About this Research Topic
Structural optimization, or the use of numerical optimization techniques to design material-efficient or cost-effective structures, has great potential for the construction industry. The construction industry is responsible for a large share of the worldwide consumption of natural resources, and structural optimization can help to reduce this, so improving the sustainability of the sector. In addition, structural optimization has the potential to reduce not only the construction cost, but also the engineering cost, by automating the repetitive task of sizing structural members. Finally, structural optimization can lead to innovative design solutions for specific structural components or materials.
Usually, a distinction is made between three structural optimization strategies: (1) size optimization, where the aim is to find the optimal dimensions of the structural components, (2) shape optimization, where the shape of the structure is parameterized and these parameters are optimized, and (3) topology optimization, where the optimal spatial distribution of structural material or structural components is determined.
The size of the design space generally increases from size optimization over shape optimization to topology optimization. A larger design space implies more freedom for the optimizer. This usually leads to a better performing solution, but also a more complex geometry, which may be difficult to build. Design optimization techniques that account for buildability are emerging rapidly, but there is still a long way to go, as each individual production or construction technique has its own technological limitations, and it is usually far from trivial to express them in a tractable mathematical form.
Digital fabrication techniques such as additive manufacturing and CNC milling promise a high degree of design freedom, allowing for mass customization, or the production of custom-designed complex shapes at a relatively low cost. As a consequence, the combination of structural optimization (topology optimization in particular) and digital fabrication seems like a perfect match. Nevertheless, digital fabrication techniques are not completely free from technological limitations either. The integration of these limitations in the optimization process is currently a very active research area.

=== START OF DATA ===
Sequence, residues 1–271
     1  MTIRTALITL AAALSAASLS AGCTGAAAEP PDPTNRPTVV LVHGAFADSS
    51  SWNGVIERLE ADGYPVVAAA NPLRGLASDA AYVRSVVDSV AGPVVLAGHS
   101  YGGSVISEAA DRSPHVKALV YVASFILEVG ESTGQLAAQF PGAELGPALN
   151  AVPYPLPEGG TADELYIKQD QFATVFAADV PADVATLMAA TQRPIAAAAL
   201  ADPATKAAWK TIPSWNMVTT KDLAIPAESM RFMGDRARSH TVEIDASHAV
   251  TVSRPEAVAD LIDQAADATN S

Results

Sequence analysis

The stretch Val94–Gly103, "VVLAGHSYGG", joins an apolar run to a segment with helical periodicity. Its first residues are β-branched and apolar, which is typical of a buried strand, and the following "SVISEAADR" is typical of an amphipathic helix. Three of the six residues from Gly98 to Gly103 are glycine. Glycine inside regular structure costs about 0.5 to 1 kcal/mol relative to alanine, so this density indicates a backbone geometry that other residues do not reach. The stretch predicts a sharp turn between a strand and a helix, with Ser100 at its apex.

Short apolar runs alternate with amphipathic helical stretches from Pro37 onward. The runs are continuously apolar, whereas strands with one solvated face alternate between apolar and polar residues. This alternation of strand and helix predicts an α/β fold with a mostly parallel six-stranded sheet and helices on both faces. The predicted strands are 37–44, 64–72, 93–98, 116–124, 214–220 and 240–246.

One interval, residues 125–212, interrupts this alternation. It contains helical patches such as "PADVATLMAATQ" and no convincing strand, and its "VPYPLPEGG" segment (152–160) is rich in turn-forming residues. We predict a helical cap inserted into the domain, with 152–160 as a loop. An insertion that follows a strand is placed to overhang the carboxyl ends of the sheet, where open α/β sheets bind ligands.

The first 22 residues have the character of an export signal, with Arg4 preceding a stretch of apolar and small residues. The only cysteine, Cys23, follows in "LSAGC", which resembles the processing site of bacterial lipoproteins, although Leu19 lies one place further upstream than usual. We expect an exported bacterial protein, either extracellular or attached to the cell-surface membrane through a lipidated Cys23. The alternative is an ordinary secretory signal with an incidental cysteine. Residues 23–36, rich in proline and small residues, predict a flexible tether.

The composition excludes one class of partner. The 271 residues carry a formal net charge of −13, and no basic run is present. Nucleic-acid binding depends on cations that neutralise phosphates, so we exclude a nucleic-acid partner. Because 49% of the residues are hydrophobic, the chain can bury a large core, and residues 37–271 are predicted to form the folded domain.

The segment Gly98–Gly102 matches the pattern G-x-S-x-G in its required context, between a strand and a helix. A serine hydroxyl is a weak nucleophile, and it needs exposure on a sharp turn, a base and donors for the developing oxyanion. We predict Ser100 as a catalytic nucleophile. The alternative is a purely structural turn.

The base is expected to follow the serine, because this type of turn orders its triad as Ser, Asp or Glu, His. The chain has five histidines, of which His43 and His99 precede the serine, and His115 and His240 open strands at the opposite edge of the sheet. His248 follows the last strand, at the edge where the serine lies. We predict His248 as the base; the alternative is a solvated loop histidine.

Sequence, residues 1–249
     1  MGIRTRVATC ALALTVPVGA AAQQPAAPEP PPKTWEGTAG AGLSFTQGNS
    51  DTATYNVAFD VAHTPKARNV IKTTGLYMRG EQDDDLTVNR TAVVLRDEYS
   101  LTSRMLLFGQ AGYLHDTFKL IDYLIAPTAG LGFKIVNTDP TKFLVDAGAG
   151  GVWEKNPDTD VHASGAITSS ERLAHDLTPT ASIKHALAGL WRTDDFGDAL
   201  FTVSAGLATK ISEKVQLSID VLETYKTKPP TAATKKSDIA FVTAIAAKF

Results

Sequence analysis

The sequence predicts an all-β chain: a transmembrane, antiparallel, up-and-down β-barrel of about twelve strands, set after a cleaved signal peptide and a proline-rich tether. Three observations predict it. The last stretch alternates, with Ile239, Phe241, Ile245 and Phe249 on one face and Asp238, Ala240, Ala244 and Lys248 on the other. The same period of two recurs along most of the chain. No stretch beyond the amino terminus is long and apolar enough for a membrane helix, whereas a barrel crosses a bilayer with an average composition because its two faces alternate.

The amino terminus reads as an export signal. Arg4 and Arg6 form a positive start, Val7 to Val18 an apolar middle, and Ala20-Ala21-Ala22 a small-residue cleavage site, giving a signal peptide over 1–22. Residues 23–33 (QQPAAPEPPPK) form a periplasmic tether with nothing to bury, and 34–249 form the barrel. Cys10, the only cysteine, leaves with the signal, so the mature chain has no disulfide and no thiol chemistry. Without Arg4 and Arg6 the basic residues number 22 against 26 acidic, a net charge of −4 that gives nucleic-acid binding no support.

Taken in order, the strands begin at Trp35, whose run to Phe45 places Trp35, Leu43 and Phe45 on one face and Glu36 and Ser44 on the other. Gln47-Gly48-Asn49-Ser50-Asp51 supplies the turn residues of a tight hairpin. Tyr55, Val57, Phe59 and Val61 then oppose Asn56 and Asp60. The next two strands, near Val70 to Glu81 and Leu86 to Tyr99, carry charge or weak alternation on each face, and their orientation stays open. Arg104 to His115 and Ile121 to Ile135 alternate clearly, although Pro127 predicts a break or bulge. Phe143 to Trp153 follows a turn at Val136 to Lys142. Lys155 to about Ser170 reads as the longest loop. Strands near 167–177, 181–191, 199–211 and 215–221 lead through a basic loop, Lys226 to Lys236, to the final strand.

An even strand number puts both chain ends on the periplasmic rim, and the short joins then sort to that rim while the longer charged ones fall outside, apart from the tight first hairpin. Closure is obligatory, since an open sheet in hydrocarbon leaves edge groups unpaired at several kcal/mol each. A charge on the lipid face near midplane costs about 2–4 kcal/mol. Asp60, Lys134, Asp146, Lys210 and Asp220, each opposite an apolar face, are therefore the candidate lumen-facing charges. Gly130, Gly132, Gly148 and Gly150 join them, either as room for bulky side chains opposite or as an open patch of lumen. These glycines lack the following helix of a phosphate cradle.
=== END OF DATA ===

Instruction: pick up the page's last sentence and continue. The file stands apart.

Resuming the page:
Real-world structural engineering problems are usually characterized by a number of uncertainties. The actual loads, material properties, geometry, etc., may deviate from the values assumed in the design phase. Such uncertainties can have a detrimental impact on performance. As a consequence, in structural optimization, it is important not only to optimize the performance of the blueprint design, but also to ensure that its sensitivity with respect to uncertainties remains limited. Robust and reliability-based design optimization techniques allow for the incorporation of uncertainties in the optimization process.
This Research Topic encompasses (but is not limited to) size, shape, and topology optimization in the context of structural engineering, applied to the design of load-bearing structures, structural components, or structural materials under static or dynamic loading, in the absence or presence of uncertainties. The focus can be on the forward material or structural model and its sensitivities, the optimization technique, buildability, robustness, reliability, etc.
Keywords: Size Optimization, Shape Optimization, Topology Optimization, Buildability, Robust and Reliability-Based Design Optimization
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